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Find 3rd party gems global variables in ruby

Find 3rd party gems global variables in ruby

Why Need Find Global Variables

In rails, if you want to use puma as rails server, you need make sure your app is thread safe, not only your app code itself, also 3rd party gems should also thread safe.

One of requirement for thread safe is avoid global variables.

Global variables are dangerous because they can be written to from anywhere. Overuse of globals can make isolating bugs difficult; it also tends to indicate that the design of a program has not been carefully thought out. Whenever you do find it necessary to use a global variable, be sure to give it a descriptive name that is unlikely to be inadvertently used for something else later (calling it something like $foo as above is probably a bad idea).

Ruby Global Variables

According ruby doc, global variable has a name beginning with $:

A global variable has a name beginning with $. It can be referred to from anywhere in a program. Before initialization, a global variable has the special value nil.

https://ruby-doc.org/docs/ruby-doc-bundle/UsersGuide/rg/globalvars.html

Find Global Variables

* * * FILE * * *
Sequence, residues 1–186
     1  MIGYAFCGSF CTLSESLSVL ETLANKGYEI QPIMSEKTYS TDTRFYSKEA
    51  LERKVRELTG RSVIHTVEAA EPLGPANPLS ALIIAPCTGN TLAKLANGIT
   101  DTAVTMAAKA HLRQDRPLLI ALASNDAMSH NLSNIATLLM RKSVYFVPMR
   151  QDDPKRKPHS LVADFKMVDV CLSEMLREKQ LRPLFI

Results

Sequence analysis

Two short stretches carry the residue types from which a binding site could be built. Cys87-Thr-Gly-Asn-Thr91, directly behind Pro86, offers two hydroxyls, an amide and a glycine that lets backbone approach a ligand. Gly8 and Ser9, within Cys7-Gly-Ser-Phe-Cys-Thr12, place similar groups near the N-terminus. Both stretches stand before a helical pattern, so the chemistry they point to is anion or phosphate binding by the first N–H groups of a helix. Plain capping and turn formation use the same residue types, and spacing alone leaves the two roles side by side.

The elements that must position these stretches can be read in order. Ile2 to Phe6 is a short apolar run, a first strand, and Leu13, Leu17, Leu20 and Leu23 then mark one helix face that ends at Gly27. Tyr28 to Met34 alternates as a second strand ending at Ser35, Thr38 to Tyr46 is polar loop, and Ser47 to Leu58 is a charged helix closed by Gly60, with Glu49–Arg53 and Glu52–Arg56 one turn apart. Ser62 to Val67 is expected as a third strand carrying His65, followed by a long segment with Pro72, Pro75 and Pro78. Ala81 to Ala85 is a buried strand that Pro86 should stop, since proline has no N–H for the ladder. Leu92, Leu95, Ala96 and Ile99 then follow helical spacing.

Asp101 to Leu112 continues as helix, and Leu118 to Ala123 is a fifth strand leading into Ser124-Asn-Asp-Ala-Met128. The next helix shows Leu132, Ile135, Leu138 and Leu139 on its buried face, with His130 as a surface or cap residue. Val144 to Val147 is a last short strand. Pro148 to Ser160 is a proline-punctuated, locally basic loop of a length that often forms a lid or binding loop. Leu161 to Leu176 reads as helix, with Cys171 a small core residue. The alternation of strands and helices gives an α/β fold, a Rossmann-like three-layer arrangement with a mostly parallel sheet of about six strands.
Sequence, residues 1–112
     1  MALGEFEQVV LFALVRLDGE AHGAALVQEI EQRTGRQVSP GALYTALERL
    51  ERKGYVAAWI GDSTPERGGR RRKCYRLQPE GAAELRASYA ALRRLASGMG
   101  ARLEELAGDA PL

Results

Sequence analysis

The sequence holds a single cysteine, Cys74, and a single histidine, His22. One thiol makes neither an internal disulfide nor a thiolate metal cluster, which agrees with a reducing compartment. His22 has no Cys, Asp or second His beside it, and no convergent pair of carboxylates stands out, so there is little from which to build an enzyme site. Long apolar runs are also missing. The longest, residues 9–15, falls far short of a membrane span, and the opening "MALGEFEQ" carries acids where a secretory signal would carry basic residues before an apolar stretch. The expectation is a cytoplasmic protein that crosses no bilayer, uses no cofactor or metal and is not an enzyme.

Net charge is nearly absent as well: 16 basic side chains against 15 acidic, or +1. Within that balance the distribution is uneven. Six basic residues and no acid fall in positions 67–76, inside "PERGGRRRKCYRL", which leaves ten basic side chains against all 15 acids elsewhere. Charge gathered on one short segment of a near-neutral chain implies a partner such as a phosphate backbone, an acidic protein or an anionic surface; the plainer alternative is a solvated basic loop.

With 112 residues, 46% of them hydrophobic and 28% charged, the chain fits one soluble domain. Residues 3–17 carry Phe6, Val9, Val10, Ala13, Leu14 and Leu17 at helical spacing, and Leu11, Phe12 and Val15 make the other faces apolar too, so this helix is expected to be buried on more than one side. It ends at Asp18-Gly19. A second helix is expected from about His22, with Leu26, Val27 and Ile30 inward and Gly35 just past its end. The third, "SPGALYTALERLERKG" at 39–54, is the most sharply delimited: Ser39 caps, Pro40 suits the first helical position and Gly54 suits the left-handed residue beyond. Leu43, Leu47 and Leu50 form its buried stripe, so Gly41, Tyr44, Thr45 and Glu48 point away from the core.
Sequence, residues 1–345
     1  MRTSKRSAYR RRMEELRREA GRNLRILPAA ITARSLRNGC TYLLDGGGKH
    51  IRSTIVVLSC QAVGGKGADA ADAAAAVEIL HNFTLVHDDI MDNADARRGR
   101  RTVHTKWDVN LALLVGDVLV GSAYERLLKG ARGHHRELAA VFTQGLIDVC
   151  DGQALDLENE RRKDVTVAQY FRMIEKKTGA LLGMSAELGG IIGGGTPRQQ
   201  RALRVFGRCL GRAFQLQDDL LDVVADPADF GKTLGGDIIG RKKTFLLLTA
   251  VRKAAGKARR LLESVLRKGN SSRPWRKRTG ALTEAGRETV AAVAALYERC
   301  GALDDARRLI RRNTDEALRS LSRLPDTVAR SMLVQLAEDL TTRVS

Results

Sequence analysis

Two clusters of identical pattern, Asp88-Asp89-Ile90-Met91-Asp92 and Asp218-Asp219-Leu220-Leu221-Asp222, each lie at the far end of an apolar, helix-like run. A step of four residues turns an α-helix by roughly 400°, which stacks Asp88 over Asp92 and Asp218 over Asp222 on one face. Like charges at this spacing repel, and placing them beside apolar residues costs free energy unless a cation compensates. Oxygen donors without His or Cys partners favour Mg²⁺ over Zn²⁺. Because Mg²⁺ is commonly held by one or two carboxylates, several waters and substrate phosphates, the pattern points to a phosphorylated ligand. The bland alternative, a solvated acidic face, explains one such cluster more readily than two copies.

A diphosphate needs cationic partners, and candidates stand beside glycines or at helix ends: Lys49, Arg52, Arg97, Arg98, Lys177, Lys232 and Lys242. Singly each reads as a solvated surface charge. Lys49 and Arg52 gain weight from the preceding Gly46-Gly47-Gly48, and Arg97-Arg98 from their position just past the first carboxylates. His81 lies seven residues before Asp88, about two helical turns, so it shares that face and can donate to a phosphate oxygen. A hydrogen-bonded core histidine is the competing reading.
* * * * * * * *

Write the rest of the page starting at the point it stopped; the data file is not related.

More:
If ruby code follow ruby name convention to use $ as prefix of global variable, we can do text search with regular expression.

One of best tools to do code text search is ripgrep

Install ripgrep

If you're a macOS Homebrew or a Linuxbrew user, then you can install ripgrep from homebrew-core:

$ brew install ripgrep

If you're a MacPorts user, then you can install ripgrep from the official ports:

$ sudo port install ripgrep

If you're a Windows Chocolatey user, then you can install ripgrep from the official repo:

$ choco install ripgrep

If you're a Windows Scoop user, then you can install ripgrep from the official bucket:

$ scoop install ripgrep

If you're an Arch Linux user, then you can install ripgrep from the official repos:

$ pacman -S ripgrep

If you're a Gentoo user, you can install ripgrep from the official repo:

$ emerge sys-apps/ripgrep

If you're a Fedora user, you can install ripgrep from official repositories.

$ sudo dnf install ripgrep

If you're an openSUSE user, ripgrep is included in openSUSE Tumbleweed and openSUSE Leap since 15.1.

$ sudo zypper install ripgrep

If you're a RHEL/CentOS 7/8 user, you can install ripgrep from copr:

$ sudo yum-config-manager --add-repo=https://copr.fedorainfracloud.org/coprs/carlwgeorge/ripgrep/repo/epel-7/carlwgeorge-ripgrep-epel-7.repo
$ sudo yum install ripgrep

Find the global variables with ripgrep

I use rbenv, so search the rbenv path like ~/.rbenv/versions/2.5.7/lib/ruby/gems/2.5.0/gems/.

Regular expression '\$[a-zA-Z0-9]+[ ]*[=]' will try to match global variable starts with $ and there is a = in the same line.

Here is an example:

$ rg -truby '\$[a-zA-Z0-9]+[ ]*[=]' ~/.rbenv/versions/2.5.7/lib/ruby/gems/2.5.0/gems/
...
...
~/.rbenv/versions/2.5.7/lib/ruby/gems/2.5.0/gems/resque-1.27.4/lib/resque/worker.rb
352:      $0 = "resque: Starting"
840:      $0 = "#{ENV['RESQUE_PROCLINE_PREFIX']}resque-#{Resque::Version}: #{string}"
...
...

References